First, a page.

Film still from “The Oath of the Sword” (1914). Preserved by the Japanese American National Museum with support from the National Film Preservation Foundation. Courtesy George Eastman Museum.

The Japanese American National Museum (JANM) will present the premiere screening of the recently restored 1914 silent film“The Oath of the Sword”at the Academy Museum of Motion Pictures, 6067 Wilshire Blvd., Los Angeles, on Sunday, May 28, at 2 p.m.

Tickets are $5 ($4 for members of the Academy Museum or JANM) and are available at

Once thought to be lost, the sole surviving print of “The Oath of the Sword” was recently rediscovered at the George Eastman Museum in Rochester, N.Y., by scholar Denise Khor of Northeastern University. Made by the Japanese American Film Company, which was based in Los Angeles and led by Japanese immigrants, it had an all-Japanese cast. The three-reel film is believed to be the earliest Asian American film production.

The restoration was a partnership among Khor, JANM, and the George Eastman Museum and supported by a grant from the National Film Preservation Foundation.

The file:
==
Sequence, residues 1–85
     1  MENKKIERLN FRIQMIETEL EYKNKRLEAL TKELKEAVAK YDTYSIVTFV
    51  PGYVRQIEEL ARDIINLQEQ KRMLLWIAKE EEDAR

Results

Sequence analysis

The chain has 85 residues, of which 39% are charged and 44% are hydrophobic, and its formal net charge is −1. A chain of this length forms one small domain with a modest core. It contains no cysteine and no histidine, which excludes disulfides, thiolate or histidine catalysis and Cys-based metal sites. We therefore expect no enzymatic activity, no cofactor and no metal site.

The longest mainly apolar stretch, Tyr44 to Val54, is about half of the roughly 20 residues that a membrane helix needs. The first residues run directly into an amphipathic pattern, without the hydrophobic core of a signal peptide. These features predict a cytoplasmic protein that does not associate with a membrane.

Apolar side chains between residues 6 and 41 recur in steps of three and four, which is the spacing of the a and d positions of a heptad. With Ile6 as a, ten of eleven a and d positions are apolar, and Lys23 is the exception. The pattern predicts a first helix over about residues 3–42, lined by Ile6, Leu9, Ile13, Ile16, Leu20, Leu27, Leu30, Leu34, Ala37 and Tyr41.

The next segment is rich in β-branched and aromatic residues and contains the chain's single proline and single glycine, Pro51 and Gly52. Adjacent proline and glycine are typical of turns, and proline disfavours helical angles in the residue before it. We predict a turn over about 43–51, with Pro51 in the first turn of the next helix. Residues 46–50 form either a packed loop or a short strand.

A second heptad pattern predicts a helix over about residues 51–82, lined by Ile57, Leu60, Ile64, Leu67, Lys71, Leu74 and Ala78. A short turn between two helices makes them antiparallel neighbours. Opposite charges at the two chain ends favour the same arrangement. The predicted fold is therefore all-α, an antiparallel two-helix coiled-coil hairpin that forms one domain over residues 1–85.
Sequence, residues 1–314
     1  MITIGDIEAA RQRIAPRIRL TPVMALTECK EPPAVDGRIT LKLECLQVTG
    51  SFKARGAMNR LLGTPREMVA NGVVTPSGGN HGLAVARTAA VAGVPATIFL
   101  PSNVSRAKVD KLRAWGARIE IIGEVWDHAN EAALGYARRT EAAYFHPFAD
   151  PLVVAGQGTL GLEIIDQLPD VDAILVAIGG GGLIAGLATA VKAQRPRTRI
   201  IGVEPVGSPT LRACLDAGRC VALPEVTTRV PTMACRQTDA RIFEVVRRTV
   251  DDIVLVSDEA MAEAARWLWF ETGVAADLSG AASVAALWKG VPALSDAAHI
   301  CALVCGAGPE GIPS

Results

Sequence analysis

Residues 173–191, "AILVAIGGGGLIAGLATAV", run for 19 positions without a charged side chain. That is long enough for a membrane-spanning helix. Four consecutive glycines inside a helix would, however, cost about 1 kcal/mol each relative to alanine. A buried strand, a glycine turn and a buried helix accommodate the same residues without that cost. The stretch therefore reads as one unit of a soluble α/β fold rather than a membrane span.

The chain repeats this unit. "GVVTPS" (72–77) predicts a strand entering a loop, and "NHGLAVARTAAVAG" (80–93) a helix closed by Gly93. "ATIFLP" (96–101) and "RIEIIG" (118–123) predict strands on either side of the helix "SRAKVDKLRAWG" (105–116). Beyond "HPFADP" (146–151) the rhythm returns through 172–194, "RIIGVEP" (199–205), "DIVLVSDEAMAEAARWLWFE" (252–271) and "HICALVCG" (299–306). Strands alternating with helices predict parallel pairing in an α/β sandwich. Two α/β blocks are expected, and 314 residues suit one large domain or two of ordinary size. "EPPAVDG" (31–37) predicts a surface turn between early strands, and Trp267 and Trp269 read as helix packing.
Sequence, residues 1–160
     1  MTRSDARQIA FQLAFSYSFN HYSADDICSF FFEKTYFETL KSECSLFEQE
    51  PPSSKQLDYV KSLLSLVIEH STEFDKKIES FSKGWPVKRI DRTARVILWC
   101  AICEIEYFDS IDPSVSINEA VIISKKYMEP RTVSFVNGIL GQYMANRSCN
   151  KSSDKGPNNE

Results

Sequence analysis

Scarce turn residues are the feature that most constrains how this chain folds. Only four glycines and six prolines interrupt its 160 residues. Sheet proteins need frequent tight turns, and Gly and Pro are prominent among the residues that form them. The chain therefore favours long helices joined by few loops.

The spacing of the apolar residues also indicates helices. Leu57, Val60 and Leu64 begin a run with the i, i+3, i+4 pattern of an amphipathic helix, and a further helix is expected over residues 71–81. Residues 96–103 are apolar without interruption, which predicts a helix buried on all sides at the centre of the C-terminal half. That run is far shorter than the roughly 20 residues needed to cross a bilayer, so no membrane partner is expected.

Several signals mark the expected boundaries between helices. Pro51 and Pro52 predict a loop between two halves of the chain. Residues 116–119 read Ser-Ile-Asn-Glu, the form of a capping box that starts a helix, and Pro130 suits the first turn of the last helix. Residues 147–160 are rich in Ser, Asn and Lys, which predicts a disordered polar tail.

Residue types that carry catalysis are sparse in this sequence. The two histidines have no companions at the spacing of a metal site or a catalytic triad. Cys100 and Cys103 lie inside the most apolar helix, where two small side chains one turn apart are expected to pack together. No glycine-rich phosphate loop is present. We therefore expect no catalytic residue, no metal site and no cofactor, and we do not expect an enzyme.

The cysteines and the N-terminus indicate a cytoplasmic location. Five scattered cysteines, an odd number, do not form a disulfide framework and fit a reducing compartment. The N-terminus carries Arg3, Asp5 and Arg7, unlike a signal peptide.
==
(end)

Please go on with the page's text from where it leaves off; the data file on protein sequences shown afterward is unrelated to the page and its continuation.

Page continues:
When the protagonist, Masao, leaves Japan to study at UC Berkeley, he also leaves his lover, Hisa, who is caring for her ailing father. As Masao becomes an athletic star at Berkeley, Hisa languishes in Japan. When they reunite four years later, they discover that their lives are irrevocably and tragically changed.

Remarkable location photography lends an air of realism to this once-lost treasure, which will be shown with live musical accompaniment by pianist, improviser, and composer Naomi Nakanishi.

Following the film, Renee Tajima-Peña, professor of Asian American studies at UCLA, will moderate a panel discussion with Stephen Gong, executive director of the Center for Asian American Media; Karen Ishizuka, chief curator at JANM; and Denise Khor, associate professor of Asian American studies and visual studies at Northeastern University.

For more information on JANM programs, visit or follow on social media @jamuseum.

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